Recent years have witnessed fruitful conversations about the interplay between Christian theology and the arts. But what these dialogues need most, according to Duke Divinity School theologian Jeremy Begbie, is a firmer grounding in Scripture, the classic creeds, and a Trinitarian imagination. In his latest book, A Peculiar Orthodoxy: Reflections on Theology and the Arts, Begbie draws together such topics as beauty, natural theology, divine and human freedom, and the role of emotion. Jennifer Craft, associate professor of theology and humanities at Point University, spoke with Begbie about the mutually enriching relationship between faith and the arts.

You highlight the value of Reformed theology for conversations about the arts. How do you see it affecting the way we think about and practice the arts in Christian communities?

It’s hard to explain trends. But in the ever-growing ferment between theology and the arts, there are signs of a new interest in the Reformed tradition. The tired old caricature of Calvinism as anti-art has been radically revised. The legacy of writers like Hans Rookmaaker, Nicholas Wolterstorff, and Calvin Seerveld continues to be felt, and many are finding that a Reformed outlook brings a much-needed freshness to old debates.

Perhaps its most important contribution is a refusal to blur the boundary between God and world. This doesn’t mean treating God as divorced from the world or indifferent to it. But it does mean seeing the cosmos as made to praise God in its creatureliness—and believing that the arts witness to God most powerfully when they aren’t trying to play at being God. The artist can explore, celebrate, and develop the stupendous variety of the physical world, but without treating the world as if it were God in disguise or imagining that the artist is divine.

Along with this, a Reformed perspective shuns all sentimentality—the Cross reveals that this world is fundamentally good but marred and disfigured. The Christ-inspired artist will present the natural world, for example, as glorious but painfully flawed, awaiting its climactic liberation in the new creation.

You argue that beauty is an important yet confusing topic in theological discussion. Where have we muddied the waters, and how might we think differently about its role in the arts?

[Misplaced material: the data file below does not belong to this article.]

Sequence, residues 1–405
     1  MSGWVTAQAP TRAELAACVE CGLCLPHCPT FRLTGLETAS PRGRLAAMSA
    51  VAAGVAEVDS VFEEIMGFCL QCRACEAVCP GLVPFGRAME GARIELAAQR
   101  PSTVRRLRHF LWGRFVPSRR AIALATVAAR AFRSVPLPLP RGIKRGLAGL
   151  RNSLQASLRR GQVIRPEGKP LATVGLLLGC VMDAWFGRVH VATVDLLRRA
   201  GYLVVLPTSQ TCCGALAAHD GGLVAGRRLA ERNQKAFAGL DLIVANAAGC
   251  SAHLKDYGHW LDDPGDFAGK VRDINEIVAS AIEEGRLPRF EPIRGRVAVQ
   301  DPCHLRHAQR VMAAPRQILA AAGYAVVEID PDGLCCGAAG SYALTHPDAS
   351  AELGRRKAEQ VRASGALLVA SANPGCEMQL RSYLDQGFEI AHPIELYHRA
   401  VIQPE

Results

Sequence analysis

Some people think I have no time for beauty. Anything but! My concern is only that Christian talk about the arts tends to jump to beauty too quickly.

There are a few things to bear in mind. First, the idea that there is some kind of necessary link between the arts and beauty is in fact fairly recent. It’s not obvious that the aspiration toward beauty is what makes the arts distinct from other activities.

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Second, if beauty is understood through ideas like unity in diversity, proportion, attractiveness, and so on, all these need to be anchored in the life, death, resurrection, and exaltation of Jesus. That is where all the concepts associated with beauty have been supremely put on display. The fallacy is to think we can borrow a fixed concept of beauty from a pre-made philosophy and then simply graft it seamlessly onto a Christian imagination of the world. If we’re thinking about the beauty of the created world, this has never been more clearly seen than in Jesus’ resurrection, which previews the new creation. That will rescue beauty from all ideas of sentimental prettiness.

I believe Christians ought to have the courage to re-form all the concepts associated with the arts (beauty, inspiration, sacrament, creativity, the “aesthetic,” and so on) in ways that take seriously the costly path of God’s redemptive plan.

Why does Christian dialogue about the arts need to remain grounded in Scripture?

The Christian faith is shaped first and foremost by the Old and New Testaments. This is where we rediscover, again and again, what God has done and is doing with the world he loves.